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Anticoagulant management for an outpatient taking warfarin, physician review and interpretation of International Normalized Ratio (INR) testing, patient instructions, dosage adjustment (as needed), and ordering of additional tests; initial 90 days of ther

CPT4 code

Name of the Procedure:

Anticoagulant Management for Warfarin Therapy
Common name(s): Warfarin Management, INR Monitoring


This procedure involves the management of warfarin therapy in outpatients. It includes physician review and interpretation of International Normalized Ratio (INR) testing, providing patient instructions and adjusting the warfarin dosage as needed, and ordering any additional necessary tests. This guidance spans the initial 90 days of treatment.


Medical Condition or Problem:
  • Thromboembolic disorders
  • Atrial fibrillation
  • Deep vein thrombosis (DVT)
  • Pulmonary embolism (PE)
  • Mechanical heart valve maintenance
  • Maintain a therapeutic INR range
  • Prevent blood clots
  • Reduce risk of bleeding
  • Optimize patient safety and medication efficacy


  • Patients diagnosed with conditions requiring anticoagulation
  • Presence of atrial fibrillation, DVT, PE, mechanical heart valves
  • New initiation of warfarin therapy


  • No specific fasting or preparation required.
  • Regular INR blood tests should be scheduled.
  • Obtain a comprehensive patient history, including current medications and diet.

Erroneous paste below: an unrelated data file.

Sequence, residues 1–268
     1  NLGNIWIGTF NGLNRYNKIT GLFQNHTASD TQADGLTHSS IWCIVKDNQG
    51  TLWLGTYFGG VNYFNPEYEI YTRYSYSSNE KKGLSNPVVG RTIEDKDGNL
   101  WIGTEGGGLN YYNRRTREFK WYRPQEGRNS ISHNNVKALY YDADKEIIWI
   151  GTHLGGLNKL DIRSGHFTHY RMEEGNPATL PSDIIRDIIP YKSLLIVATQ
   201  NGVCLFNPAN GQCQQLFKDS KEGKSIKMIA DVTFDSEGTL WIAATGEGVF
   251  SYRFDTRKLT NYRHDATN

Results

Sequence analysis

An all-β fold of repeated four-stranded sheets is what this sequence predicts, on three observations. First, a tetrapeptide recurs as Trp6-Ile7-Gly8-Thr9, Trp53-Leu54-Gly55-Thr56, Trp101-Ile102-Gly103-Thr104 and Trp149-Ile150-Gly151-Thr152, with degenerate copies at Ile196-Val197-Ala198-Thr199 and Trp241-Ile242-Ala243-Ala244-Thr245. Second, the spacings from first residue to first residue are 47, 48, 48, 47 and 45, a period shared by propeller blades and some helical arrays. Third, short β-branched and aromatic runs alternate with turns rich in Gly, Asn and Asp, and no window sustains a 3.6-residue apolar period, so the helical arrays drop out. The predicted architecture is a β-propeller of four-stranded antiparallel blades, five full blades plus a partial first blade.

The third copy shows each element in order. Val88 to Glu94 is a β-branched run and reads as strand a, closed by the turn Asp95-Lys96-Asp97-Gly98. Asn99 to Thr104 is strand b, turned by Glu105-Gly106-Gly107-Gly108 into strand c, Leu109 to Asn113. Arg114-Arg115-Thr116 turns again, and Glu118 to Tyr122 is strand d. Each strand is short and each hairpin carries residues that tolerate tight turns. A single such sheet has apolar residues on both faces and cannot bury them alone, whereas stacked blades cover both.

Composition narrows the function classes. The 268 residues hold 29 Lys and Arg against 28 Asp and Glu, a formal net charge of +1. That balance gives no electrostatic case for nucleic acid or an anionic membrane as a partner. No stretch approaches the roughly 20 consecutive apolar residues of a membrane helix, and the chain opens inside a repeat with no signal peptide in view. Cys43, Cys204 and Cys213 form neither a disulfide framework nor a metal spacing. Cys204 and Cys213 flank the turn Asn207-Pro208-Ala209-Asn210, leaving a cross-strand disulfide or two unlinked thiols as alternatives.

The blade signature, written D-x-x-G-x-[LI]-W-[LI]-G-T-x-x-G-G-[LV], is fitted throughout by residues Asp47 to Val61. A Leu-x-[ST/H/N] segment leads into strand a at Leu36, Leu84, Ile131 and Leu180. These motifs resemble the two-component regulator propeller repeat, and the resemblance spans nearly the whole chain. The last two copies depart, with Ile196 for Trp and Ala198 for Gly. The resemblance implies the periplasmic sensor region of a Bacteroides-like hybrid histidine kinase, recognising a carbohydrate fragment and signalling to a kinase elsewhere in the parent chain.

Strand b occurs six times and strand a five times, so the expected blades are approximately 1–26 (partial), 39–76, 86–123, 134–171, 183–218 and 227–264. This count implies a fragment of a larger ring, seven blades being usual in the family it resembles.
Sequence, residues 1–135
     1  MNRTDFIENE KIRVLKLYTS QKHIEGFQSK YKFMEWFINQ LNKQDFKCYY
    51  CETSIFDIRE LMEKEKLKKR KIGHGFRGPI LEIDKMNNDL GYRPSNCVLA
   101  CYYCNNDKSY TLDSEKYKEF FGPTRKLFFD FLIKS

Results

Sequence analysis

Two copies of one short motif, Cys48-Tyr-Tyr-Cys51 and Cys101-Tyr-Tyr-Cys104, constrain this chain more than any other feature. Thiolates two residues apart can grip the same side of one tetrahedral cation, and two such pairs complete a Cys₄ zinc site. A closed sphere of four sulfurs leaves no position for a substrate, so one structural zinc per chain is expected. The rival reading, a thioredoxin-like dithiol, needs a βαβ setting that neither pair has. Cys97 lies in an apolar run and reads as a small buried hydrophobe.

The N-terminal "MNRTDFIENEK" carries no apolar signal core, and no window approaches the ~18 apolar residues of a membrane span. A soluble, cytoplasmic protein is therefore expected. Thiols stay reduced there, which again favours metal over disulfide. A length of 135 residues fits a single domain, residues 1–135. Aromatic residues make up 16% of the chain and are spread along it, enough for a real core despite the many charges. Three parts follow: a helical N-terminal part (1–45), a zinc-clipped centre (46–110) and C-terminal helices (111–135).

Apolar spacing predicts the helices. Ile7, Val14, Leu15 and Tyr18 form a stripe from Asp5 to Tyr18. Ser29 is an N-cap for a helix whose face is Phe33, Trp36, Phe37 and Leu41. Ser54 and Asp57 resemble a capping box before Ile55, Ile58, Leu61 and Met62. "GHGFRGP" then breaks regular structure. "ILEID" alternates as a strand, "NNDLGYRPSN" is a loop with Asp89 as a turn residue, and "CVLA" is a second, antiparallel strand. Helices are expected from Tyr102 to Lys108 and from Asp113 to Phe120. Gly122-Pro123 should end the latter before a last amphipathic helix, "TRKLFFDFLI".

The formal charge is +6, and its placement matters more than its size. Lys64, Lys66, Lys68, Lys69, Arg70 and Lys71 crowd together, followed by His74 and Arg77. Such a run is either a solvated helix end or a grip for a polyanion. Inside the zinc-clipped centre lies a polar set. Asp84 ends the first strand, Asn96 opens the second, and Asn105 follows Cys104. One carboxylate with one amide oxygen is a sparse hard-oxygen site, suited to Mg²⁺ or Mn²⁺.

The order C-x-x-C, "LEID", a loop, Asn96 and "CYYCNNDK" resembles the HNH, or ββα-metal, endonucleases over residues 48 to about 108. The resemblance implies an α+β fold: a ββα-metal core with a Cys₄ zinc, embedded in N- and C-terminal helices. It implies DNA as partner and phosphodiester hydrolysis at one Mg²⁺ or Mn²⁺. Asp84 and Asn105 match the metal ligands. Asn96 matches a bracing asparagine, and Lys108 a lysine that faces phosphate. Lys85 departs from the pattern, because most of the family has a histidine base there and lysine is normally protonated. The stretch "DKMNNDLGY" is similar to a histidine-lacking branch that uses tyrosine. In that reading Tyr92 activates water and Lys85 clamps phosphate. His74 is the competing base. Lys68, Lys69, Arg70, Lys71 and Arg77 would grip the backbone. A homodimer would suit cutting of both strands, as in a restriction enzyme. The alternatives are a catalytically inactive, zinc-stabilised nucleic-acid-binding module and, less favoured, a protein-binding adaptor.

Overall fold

Procedure Description

  1. Review and Interpretation of INR: The physician reviews recent INR test results to determine if the patient's warfarin dosage is within the therapeutic range.
  2. Patient Instructions: The patient is educated on warfarin management, dietary considerations, and signs of complications.
  3. Dosage Adjustment: Based on INR results, the physician adjusts the warfarin dosage if necessary.
  4. Ordering Additional Tests: Extra diagnostic tests may be requested if the INR levels are unstable or if there are suspected complications.
  • INR testing equipment
  • Patient education materials
Anesthesia or Sedation:
  • Not applicable


  • Initial consultation: 15-30 minutes
  • Follow-up reviews: 10-15 minutes


  • Outpatient clinic
  • Physician's office


  • Physician (general practitioner, cardiologist, or hematologist)
  • Nurse or medical assistant

Risks and Complications

  • Common Risks: Minor bleeding, dietary restrictions affecting INR levels.
  • Rare Complications: Severe bleeding (gastrointestinal, intracranial), interactions with other medications.


  • Effective prevention of thromboembolic events
  • Improved patient understanding and self-management
  • Enhanced safety and precise control of anticoagulant effect


  • No specific recovery as this is a management plan involving regular monitoring.
  • Continuous adjustment based on routine INR results.
  • Follow-up appointments based on physician’s discretion or if complications arise.


  • Direct oral anticoagulants (DOACs) like rivaroxaban, apixaban, dabigatran
  • Pros: Less frequent monitoring, fewer dietary restrictions
  • Cons: Lack of reversal agents for some DOACs, cost

Patient Experience

  • Regular blood draws for INR testing
  • Ongoing communication with healthcare providers to adjust dosage and manage side effects
  • Patient education to understand diet, medication interactions, and signs of complications
  • Generally well-tolerated with proper monitoring and management

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